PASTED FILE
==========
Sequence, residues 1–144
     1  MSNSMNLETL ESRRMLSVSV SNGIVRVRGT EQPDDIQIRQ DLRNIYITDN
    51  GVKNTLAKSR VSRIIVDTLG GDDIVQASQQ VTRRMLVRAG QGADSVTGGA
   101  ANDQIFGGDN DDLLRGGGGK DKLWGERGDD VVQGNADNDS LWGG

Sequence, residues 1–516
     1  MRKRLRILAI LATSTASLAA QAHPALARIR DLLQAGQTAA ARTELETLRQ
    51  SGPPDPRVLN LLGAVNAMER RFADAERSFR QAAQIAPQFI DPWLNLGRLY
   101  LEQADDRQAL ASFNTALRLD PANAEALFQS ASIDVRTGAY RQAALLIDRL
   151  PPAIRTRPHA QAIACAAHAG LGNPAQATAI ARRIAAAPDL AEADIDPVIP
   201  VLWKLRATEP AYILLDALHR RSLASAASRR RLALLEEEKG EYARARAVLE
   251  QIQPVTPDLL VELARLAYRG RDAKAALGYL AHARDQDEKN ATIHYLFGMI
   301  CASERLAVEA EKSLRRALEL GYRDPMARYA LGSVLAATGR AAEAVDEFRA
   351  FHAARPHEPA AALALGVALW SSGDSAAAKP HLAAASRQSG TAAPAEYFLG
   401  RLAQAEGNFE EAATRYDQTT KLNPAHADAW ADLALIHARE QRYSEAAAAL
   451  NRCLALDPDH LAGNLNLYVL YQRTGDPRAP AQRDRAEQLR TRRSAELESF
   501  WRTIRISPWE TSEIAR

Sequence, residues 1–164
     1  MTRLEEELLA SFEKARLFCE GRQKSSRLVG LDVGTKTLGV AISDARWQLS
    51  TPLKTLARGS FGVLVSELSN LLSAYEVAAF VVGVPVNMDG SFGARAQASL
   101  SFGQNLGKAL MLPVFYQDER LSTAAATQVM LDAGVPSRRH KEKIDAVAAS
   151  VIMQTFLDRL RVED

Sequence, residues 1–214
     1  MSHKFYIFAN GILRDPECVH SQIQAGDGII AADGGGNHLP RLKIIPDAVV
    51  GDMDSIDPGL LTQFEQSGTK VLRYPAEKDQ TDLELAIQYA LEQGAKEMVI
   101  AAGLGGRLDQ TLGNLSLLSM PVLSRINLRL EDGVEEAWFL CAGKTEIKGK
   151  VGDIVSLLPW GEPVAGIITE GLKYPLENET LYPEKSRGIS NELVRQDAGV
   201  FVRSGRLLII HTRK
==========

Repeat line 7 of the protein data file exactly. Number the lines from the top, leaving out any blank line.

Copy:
    51  SGPPDPRVLN LLGAVNAMER RFADAERSFR QAAQIAPQFI DPWLNLGRLY